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Parents should worry: Sport specialization and overuse injuries

Monday, April 17, 2017

By Nathaniel Franley, MD

Medical Director of ACMC Sports Medicine

While sports are a tremendous part of many kid's growth and development mentally, physically, and socially, today's culture can sometimes place a high emphasis on athletic development. I want parents and coaches to be aware of the risks of pushing our youth too hard. Sometimes excessive training can lead to injuries called overuse injuries, defined as injuries due to overloading the musculoskeletal system without proper rest to allow for adequate healing. An important factor in strength and speed gains is recovery-without it, a young athlete's body is more prone to injury and less likely to make progress in training. Another factor leading to overuse injury is sports specialization, in which an athlete trains year-round in a single sport. In some technical sports, such as gymnastics, figure skating, and diving it's necessary to specialize at a young age (before 12) to reach peak success, but this has been shown not to be true, and may actually be harmful, in most other sports.

Here are some facts compiled in a 2014 Position Statement by the American Medical Society of Sports Medicine:

  • Estimates of overuse injuries compared to acute injury range from 45.9-54%.
  • Overuse injury rated vary by sport, ranging from 37% (skiing) to 68% (running).
  • Early sport specialization may not lead to optimal long-term success in most sports.
  • Playing multiple sports develops different skill sets, which may improve overall athletic success in the future.

In addition to possibly limiting an athlete's overall athletic development, sport specialization may lead to overtraining and burnout. Red flags to look out for include decreasing levels of enjoyment in a sport, decreasing performance, and even loss of menstruation in female athletes. These are important clues to recognize, as overtraining can lead to not only overuse injury such as tendinitis, stress fractures/reactions, but also depression and metabolic issues or even lack of sleep and energy. For example, decreased menstruation frequency can be a signal for low bone density and low energy availability. This negative cycle can actually affect an athlete's progress.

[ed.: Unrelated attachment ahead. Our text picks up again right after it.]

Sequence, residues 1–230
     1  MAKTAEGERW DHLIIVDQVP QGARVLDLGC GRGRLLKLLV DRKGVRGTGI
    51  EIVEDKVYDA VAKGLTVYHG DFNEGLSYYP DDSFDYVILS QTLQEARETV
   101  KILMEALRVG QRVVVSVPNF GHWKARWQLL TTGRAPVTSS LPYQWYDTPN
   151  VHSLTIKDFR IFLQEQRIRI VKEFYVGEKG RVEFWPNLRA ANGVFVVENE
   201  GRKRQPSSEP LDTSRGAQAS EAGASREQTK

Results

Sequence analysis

So how can we prevent overuse injuries?

  • Limit total training time throughout a week and a year.
  • Avoid sport specialization until at least age 12 (or preferably later), based on child's growth rate and readiness.
  • Emphasize skill development more than competition and winning.
  • Encourage experimenting with multiple sports.
  • Properly directed preseason conditioning programs can reduce injury rates.
  • Neuromuscular or balance and stabilization training can reduce lower extremity injury.
  • For pitchers, limit pitches to less than 100 innings total/year (more than that increase injury risk 3.5 times)
  • Limit pitchers to throwing less than 8 months a year (more than that increases risk for elbow and shoulder surgery)

ACMC Family Medicine and Sports Medicine Specialist Nathaniel Franley, MD sees patients at Ashtabula County Medical Center. He attends many local high school athletic events in addition to seeing patients in both regularly scheduled clinics and special fall sports Injury clinics. He oversees local sports concussion testing, athletic training programs, and manages full spectrum non-surgical orthopedic injuries such as fractures, tendinitis, arthritis, etc. To schedule an appointment with Dr. Franley, call 440-997-6969.